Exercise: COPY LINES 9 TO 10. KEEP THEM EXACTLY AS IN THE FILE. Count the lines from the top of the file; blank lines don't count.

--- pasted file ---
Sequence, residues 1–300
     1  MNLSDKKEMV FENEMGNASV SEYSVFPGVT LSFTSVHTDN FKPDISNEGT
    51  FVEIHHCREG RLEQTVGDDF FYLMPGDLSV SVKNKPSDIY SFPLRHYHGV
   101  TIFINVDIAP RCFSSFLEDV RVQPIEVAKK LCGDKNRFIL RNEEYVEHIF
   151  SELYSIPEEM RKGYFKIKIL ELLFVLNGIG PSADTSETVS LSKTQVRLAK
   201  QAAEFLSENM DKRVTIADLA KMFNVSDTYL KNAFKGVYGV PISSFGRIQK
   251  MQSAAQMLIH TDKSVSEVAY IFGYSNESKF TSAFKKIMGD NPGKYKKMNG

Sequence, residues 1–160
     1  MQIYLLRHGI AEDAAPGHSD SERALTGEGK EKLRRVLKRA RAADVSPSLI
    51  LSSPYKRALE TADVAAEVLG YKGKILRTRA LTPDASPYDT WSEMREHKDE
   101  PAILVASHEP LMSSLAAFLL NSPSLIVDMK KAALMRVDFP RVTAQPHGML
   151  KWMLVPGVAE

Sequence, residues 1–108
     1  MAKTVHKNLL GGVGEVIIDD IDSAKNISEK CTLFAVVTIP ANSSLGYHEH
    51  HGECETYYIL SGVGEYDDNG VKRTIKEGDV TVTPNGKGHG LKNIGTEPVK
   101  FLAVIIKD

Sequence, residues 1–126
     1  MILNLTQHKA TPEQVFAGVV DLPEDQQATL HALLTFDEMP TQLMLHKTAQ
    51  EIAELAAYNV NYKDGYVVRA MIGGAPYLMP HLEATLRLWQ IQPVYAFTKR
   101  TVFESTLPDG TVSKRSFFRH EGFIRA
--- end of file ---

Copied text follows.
     1  MQIYLLRHGI AEDAAPGHSD SERALTGEGK EKLRRVLKRA RAADVSPSLI
    51  LSSPYKRALE TADVAAEVLG YKGKILRTRA LTPDASPYDT WSEMREHKDE